Look at the numbers: Alabama was that good and Notre Dame was not
Posted: 01/08/2013 at 2:00 am
By: Bill Beck
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Notre Dame's DaVaris Daniels (10) catches a pass between Alabama's Vinnie Sunseri (3) and Ha'Sean Clinton-Dix during the first half of the BCS National Championship college football game Monday, Jan. 7, 2013, in Miami. (AP Photo/Wilfredo Lee)
Notre Dame quarterback Everett Golson is seen on the bench near the end of the BCS National Championship college football game Monday, Jan. 7, 2013, in Miami. Alabama won 42-14. (AP Photo/Chris O'Meara)
Alabama's C.J. Mosley holds up The Coaches' Trophy after the BCS National Championship college football game against Notre Dame Monday, Jan. 7, 2013, in Miami. Alabama won 42-14. (AP Photo/Chris O'Meara)
Notre Dame head coach Brian Kelly talks to Everett Golson during the first half of the BCS National Championship college football game against Alabama Monday, Jan. 7, 2013, in Miami. (AP Photo/David J. Phillip)
And because of the Crimson Tide’s prowess, Notre Dame was left staggering, too.
Bama was nearly equal on offense — 265 rushing yards, 264 passing.
Quarterback AJ McCarron was 20 of 28 and four touchdowns.
But the most brutal of the overwhelming barrage of Bama offensive figures were four — count ‘em, four — scoring drives of 80 yards or more, including a gut-punch of a 97-yarder. All six of the Tide’s scoring marches went 60+ yards.
That’s how Bama got itself a 35-0 lead and a walk-away 42-14 BCS Championship game win.
For its season, Notre Dame’s defense had allowed two drives of 60-or-more yards in 12 games.
“We tried to impose our will for 60 minutes. We wanted to start fast and we came out hot,” said Alabama tight end Michael Williams. “Things started rolling. They fought the whole game. But we were relentless.”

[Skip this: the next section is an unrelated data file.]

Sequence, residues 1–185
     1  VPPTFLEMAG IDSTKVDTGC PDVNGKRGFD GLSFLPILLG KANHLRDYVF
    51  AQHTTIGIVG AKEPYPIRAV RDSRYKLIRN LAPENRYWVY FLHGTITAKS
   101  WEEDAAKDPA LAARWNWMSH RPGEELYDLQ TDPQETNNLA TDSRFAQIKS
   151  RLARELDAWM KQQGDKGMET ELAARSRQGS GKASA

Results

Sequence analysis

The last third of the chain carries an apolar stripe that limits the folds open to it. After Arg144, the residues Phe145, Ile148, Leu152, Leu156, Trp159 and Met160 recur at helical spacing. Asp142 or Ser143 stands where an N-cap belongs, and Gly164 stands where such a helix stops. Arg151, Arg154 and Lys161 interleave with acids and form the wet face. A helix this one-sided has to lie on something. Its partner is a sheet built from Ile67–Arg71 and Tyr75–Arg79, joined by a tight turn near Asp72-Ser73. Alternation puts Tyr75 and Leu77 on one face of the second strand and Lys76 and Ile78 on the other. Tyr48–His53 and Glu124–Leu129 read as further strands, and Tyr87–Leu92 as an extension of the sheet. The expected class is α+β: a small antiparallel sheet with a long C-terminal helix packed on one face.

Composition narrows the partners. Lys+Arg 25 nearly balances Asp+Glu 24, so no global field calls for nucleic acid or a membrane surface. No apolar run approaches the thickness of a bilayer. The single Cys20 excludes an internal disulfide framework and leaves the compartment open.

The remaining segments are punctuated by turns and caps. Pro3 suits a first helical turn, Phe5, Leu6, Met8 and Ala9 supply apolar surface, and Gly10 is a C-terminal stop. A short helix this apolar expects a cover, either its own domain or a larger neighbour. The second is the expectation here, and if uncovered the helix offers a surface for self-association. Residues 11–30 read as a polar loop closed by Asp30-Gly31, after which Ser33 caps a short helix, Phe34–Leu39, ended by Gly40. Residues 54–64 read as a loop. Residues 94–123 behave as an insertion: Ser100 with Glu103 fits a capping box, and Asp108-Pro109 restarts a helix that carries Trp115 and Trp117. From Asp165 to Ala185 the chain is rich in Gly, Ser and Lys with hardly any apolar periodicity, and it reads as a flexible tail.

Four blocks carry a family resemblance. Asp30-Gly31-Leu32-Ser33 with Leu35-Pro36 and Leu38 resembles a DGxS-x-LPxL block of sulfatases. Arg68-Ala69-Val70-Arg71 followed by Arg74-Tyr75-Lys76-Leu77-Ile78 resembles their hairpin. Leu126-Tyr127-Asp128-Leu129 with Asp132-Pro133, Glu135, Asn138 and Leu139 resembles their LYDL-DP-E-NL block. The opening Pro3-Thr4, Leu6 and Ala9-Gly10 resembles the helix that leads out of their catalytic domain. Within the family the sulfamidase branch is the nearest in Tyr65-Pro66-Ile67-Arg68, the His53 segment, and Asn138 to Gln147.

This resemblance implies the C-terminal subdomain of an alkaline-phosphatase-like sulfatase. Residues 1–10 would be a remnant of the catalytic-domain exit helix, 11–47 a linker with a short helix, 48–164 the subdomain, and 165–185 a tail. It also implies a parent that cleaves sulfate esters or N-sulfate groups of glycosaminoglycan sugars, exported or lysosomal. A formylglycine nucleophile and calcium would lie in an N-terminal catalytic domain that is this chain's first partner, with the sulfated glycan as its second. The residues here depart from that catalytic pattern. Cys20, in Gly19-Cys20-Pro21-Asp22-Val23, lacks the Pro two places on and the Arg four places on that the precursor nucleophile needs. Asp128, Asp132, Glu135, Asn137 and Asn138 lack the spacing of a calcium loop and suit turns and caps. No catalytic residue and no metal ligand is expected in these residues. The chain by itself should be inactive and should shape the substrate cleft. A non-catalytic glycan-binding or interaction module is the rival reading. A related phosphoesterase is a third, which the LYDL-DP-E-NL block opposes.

And once the floodgates started to open, it didn’t leave a lot of fight in the Fighting Irish.
“You always think you’re fighting to have a chance. I think the second half, when we kind of got down and buried,” said tackle Zack Martin.
The diagnosis for Alabama’s domination is obvious. There’s a cure waiting — in the weight room.
“We’ve got to get physically stronger, continue to close the gap (between Bama and Notre Dame) and just over all you need to see what it looks like,” coach Brian Kelly said. “Our guys clearly know what it looks like.
“When I say, ‘Know what it looks like,’ a championship team. They’re back-to-back champs. So that’s what it looks like. Measure yourself against that and I think it’s pretty clear across the board what we have to do.”
Television replays appeared to show Notre Dame should have, A) not been flagged for a first-quarter penalty for interfering with an Alabama punt returner fielding the ball; and B) been awarded the ball when Zeke Motta popped out of scrum with the muff.
The fair-catch call — or lackthereof — was hardly a deciding factor in Notre Dame’s loss, but it was one of many factors which went the wrong way for the Irish.
“Said we ran into a fair catch. What I disputed was the validity of the fair catch. I thought it was an invalid fair-catch signal,” Kelly said. “That would have been a nice play to go our way early in the game.”
Notre Dame’s loss to Bama dropped the Irish to No.4 in the final Associated Press rankings. The Crimson Tide, Oregon and Ohio State, which finished unbeaten, but did not play in a bowl because of NCAA sanctions, went 1-2-3.